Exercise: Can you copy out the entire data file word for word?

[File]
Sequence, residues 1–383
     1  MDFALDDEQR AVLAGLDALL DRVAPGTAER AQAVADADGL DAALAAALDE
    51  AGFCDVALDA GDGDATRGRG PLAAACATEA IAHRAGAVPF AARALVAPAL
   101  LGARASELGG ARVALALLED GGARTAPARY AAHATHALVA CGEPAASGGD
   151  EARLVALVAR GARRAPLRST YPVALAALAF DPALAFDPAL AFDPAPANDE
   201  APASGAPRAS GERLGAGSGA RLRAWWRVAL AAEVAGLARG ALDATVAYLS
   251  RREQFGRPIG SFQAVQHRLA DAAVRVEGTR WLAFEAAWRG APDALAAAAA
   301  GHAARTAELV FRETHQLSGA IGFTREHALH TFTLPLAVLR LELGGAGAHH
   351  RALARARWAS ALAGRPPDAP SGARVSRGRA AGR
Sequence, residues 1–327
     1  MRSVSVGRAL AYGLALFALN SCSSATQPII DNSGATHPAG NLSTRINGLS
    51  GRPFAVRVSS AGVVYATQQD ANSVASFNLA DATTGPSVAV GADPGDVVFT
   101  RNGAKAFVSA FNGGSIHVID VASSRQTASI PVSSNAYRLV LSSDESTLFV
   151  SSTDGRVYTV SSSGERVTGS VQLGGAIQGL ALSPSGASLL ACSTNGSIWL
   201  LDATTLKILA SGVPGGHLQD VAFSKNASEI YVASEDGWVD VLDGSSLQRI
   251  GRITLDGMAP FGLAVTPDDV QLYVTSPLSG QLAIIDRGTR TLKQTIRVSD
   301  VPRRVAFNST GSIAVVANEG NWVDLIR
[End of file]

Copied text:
Sequence, residues 1–383
     1  MDFALDDEQR AVLAGLDALL DRVAPGTAER AQAVADADGL DAALAAALDE
    51  AGFCDVALDA GDGDATRGRG PLAAACATEA IAHRAGAVPF AARALVAPAL
   101  LGARASELGG ARVALALLED GGARTAPARY AAHATHALVA CGEPAASGGD
   151  EARLVALVAR GARRAPLRST YPVALAALAF DPALAFDPAL AFDPAPANDE
   201  APASGAPRAS GERLGAGSGA RLRAWWRVAL AAEVAGLARG ALDATVAYLS
   251  RREQFGRPIG SFQAVQHRLA DAAVRVEGTR WLAFEAAWRG APDALAAAAA
   301  GHAARTAELV FRETHQLSGA IGFTREHALH TFTLPLAVLR LELGGAGAHH
   351  RALARARWAS ALAGRPPDAP SGARVSRGRA AGR
Sequence, residues 1–327
     1  MRSVSVGRAL AYGLALFALN SCSSATQPII DNSGATHPAG NLSTRINGLS
    51  GRPFAVRVSS AGVVYATQQD ANSVASFNLA DATTGPSVAV GADPGDVVFT
   101  RNGAKAFVSA FNGGSIHVID VASSRQTASI PVSSNAYRLV LSSDESTLFV
   151  SSTDGRVYTV SSSGERVTGS VQLGGAIQGL ALSPSGASLL ACSTNGSIWL
   201  LDATTLKILA SGVPGGHLQD VAFSKNASEI YVASEDGWVD VLDGSSLQRI
   251  GRITLDGMAP FGLAVTPDDV QLYVTSPLSG QLAIIDRGTR TLKQTIRVSD
   301  VPRRVAFNST GSIAVVANEG NWVDLIR